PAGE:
by Mazzino Montinari
30/06/2003 - Am Anfang war der Blick, by Austrian-Luxembourg filmmaker, Bady Minck is an interesting medium-length feature about the history of Austria during the 19th century. Minck’s original use of animation allows the director to portray history through the eyes of a collector of antique postcards. The film is a painstaking observation of the people and especially the painful events that most Austrians would prefer to forget. Bady Minck came to Pesaro to present this film.
Why did you decide to use postcards to tell the history of Austria?
“The original idea was to show the ways in which behaviour and habits have changed, as well as the political changes that took place in the 19th century. The postcards reveal the collective imagination. I think this is a very interesting starting point because the postcards contain both words and pictures. Also, when I found them in a number of antique shops, I came across an ambiguous contradiction: on the one side, you admire the reassuring and pretty pictures, but when you turn the card over, you read dramatic messages that contrast with the beautiful scenery on the other side. So, one object allowed me to see the contrast between fact and fiction, between an artificial illusion and everyday life.”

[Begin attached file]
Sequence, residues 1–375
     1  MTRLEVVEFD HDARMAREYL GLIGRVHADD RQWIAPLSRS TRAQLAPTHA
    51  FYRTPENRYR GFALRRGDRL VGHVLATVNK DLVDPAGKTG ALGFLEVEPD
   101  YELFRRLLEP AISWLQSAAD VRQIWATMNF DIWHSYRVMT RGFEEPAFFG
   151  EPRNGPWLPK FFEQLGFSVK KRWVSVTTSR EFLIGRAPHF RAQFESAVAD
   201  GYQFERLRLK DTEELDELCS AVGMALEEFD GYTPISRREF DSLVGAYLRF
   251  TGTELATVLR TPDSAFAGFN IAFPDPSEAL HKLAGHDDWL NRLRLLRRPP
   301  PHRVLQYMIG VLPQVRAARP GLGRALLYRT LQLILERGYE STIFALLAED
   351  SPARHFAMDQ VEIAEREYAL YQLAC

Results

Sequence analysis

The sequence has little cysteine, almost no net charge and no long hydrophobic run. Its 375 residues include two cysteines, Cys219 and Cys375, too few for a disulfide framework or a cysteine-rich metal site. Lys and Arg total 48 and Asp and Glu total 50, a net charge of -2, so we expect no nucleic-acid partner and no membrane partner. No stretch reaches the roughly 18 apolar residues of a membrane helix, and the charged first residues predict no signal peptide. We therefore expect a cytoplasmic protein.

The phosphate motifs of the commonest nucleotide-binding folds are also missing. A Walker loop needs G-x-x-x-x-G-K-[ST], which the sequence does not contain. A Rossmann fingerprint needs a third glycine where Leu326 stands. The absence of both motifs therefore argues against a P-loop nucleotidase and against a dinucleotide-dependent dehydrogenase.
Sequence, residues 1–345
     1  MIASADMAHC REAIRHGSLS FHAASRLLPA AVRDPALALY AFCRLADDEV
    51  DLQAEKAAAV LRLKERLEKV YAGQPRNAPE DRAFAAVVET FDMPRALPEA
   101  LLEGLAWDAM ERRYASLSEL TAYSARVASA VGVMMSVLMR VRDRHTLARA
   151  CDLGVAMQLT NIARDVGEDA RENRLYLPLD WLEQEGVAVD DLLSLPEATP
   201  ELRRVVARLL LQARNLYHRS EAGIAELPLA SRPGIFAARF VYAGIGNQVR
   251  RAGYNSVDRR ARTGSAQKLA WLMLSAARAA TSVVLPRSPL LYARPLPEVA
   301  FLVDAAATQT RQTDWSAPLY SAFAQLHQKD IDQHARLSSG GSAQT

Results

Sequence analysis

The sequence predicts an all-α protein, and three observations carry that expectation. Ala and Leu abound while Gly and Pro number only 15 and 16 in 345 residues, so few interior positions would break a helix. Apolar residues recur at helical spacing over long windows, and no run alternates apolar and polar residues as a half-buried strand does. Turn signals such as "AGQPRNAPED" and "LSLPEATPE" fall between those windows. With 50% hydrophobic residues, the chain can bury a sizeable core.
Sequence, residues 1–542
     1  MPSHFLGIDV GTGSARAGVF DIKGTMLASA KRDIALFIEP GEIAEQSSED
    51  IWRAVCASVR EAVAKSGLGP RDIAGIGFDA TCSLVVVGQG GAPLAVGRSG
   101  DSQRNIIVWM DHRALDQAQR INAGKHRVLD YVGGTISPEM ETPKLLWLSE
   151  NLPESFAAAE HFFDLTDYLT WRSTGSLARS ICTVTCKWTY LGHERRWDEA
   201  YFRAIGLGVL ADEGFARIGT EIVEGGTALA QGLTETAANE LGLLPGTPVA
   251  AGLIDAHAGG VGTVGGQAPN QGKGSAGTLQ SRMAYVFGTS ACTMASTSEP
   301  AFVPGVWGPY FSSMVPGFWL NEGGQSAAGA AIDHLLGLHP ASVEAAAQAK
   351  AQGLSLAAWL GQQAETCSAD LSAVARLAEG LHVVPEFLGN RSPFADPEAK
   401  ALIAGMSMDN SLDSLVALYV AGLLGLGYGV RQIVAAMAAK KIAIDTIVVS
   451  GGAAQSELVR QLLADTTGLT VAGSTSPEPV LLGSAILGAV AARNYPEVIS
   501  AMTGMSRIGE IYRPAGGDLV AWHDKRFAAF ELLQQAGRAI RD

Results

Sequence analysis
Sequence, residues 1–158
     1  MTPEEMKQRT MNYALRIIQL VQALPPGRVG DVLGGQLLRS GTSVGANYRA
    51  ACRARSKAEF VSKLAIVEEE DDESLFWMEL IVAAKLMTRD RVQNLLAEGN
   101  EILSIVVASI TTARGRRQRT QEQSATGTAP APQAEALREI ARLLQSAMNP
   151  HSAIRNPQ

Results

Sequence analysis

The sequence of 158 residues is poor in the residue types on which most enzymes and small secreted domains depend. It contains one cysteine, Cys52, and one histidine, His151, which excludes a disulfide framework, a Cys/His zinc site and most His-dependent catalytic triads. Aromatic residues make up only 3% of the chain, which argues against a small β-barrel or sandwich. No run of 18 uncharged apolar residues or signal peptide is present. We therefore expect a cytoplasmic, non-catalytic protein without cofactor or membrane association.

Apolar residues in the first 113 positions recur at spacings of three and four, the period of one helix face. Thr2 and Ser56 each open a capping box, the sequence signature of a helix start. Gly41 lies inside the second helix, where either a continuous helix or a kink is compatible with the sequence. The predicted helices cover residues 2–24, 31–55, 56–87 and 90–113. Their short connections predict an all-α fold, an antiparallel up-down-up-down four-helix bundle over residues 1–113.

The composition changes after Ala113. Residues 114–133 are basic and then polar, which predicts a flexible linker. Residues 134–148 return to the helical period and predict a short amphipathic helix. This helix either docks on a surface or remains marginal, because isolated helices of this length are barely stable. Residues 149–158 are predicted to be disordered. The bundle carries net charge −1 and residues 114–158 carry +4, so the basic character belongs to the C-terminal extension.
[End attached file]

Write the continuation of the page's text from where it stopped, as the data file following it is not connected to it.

Your film is about one very painful and delicate part of Austrian history: Nazism.
“I am from Luxembourg, and as such, I am an outsider looking in. I investigated the issue of Nazism trying to highlight most Austrian’s desire to remove past events from memory. Most Austrians feel they were victims of a foreign occupation and don’t even want to think about there having been political complicity with the Germans. It is important to know that the idea behind this film was not to engender a serious and deep analysis and I am not here pointing fingers or making accusations.”
Given the nature of the issues portrayed in this film, did you encounter any problems with producing and distributing it?
“Austrian television contributed to the production but the initial screenplay that I presented and which was approved by the producers is different from the final version. I added postcards and images that help one to understand the active participation and involvement of the Austrian people with the Nazi movement. For example, there is a postcard from 1932 that mentions a glorious future thanks to Hitler’s imminent arrival on the scene. In apparently innocent times, images that were illegal and censored circulated freely. Something was already on the move well before Hitler became the Chancellor. I also added postcards that remind us of places where those who were deported to concentration camps were forced to work as slave labour. I really cannot say how Austrian television will react to this. There could well be some problems, especially since the executives tend to hold reactionary political views.”